Friday, October 30, 2015
(Geoff) Pemberton is a small former mill town in the middle of the forest. It looks like time has passed it by, but it was neat as a pin and the small wooden millworkers cottages were well maintained and overrun with flowers. It was a very cute little town that almost kept us a second night.
From town you take a well signed tourist route through karri forests that are truly stunning. On the tour there are three trees that were trimmed and fitted out with fire monitoring cabins on top. Access to the cabins is up a spiral ladder of bolts drilled into the trees. These three trees are no longer used for active fire monitoring, but tourists are allowed to climb them for the view. The Gloucester tree, which we stopped to admire, is 65 metres high, and we both resisted the temptation to scamper up the ladder – unsecured by any safety harness. (I don’t think, in North America, that the liability lawyers would let a tourist anywhere near a tree like this.) Instead we did a ground level hike through the forest to see the trees and the spring wildflowers.
A sign promoting an organic cidery attracted us off the paved road, and we dropped into the Mountford Winery and Cidery to taste, and purchase. We learned that the Pemberton area used to produce almost as much wine grape as Margaret River (we are very skeptical of this claim), but that much of the vine has been pulled up as growers switched to avocado, and the region now produces a large portion of Australia’s crop of that fruit.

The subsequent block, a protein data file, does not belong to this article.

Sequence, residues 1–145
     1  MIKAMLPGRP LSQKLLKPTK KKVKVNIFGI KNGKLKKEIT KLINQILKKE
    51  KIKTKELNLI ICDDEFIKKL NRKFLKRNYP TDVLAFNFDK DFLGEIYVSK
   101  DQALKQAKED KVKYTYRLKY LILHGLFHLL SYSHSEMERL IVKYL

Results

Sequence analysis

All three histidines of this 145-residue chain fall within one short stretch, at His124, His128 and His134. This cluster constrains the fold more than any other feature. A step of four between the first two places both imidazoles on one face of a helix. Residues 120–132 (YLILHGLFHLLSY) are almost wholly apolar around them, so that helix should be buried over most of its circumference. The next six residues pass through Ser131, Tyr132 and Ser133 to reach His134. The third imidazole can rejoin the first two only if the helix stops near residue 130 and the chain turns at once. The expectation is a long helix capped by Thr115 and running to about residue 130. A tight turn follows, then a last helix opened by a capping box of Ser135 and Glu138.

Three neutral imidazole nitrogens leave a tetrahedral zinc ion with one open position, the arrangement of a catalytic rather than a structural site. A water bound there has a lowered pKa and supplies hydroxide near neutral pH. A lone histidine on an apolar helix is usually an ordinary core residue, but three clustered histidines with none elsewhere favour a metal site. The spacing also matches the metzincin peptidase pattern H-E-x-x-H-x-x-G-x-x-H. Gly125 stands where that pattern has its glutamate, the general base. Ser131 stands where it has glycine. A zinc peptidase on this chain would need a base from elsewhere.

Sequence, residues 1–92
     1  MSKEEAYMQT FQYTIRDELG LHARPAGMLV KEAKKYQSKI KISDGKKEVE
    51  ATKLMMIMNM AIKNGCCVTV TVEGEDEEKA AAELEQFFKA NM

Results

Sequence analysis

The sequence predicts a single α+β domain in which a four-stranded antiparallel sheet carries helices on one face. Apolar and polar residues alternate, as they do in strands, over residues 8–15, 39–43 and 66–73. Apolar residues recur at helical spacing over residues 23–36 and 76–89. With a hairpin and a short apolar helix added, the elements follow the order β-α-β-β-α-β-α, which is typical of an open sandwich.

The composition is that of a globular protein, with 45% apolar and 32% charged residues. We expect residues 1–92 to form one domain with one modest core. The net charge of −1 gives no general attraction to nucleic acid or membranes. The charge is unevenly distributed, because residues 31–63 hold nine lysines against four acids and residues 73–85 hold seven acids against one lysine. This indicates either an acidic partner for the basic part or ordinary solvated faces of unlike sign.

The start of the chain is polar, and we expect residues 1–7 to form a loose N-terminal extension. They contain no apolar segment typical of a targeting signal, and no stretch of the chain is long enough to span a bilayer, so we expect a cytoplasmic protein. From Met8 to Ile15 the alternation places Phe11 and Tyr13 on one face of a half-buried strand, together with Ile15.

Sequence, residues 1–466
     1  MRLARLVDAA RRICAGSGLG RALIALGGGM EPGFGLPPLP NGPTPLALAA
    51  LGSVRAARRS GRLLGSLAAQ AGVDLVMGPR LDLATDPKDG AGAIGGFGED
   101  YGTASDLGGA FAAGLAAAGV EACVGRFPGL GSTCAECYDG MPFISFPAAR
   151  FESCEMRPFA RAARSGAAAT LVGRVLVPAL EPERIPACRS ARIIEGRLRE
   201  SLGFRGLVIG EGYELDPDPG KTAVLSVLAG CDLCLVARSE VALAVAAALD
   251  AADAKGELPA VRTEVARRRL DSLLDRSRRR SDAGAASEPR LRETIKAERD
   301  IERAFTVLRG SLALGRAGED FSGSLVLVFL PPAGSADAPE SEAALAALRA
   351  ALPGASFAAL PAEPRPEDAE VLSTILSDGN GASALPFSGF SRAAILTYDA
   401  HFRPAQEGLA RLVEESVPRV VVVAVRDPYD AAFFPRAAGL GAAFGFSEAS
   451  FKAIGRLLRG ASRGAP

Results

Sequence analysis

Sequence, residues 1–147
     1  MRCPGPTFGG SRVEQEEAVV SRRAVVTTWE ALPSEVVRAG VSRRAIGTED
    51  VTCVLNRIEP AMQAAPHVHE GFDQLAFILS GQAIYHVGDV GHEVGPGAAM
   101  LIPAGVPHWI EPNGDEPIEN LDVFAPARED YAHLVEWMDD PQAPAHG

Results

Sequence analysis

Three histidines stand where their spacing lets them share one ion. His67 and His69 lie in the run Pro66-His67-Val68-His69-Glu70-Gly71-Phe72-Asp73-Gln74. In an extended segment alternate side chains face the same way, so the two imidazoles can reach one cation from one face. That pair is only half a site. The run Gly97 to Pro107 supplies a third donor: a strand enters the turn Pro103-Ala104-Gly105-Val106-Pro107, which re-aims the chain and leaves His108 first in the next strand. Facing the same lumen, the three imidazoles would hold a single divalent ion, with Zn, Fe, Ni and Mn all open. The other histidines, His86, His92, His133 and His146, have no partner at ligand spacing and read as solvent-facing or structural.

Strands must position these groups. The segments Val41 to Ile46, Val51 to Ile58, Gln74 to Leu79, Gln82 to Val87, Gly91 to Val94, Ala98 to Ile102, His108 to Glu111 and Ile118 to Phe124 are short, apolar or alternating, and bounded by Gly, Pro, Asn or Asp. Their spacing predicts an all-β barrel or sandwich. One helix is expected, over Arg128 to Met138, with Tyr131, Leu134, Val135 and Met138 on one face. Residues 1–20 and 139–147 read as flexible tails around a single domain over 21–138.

Lunch was at a great little café, Holy Smoke, attached to a woodcraft gallery that had some amazing work made by local artisans from the local woods. If we had wanted, we could have picked up a 16-seater dining table made from a single slab of jarrah – $12,000, chairs not included.
Then it was back on the road south, and our first drive through a rainy afternoon.
(Catherine) Up the hill from the Holy Smoke café was the town cemetery, also neat as a pin. I had been horrified by the derelict look of the cemetery in Broome, except for the Chinese Buddhist section which had been vandalized several years ago and is now well cared for with a fence (unfortunately) around that section. But here in Pemberton there is obvious care for each of the denominations, Anglican, Roman Catholic and other. We were pleased to note that in the newer section everyone is together. We were astounded at the number of stillbirths going back to the 19th century and continuing into the 20th century. In 1951 twins, a boy and a girl, were stillborn and in the same family a boy was stillborn in 1954. Those children would have been just a few years younger than us. It left us saddened that one family would experience such a loss.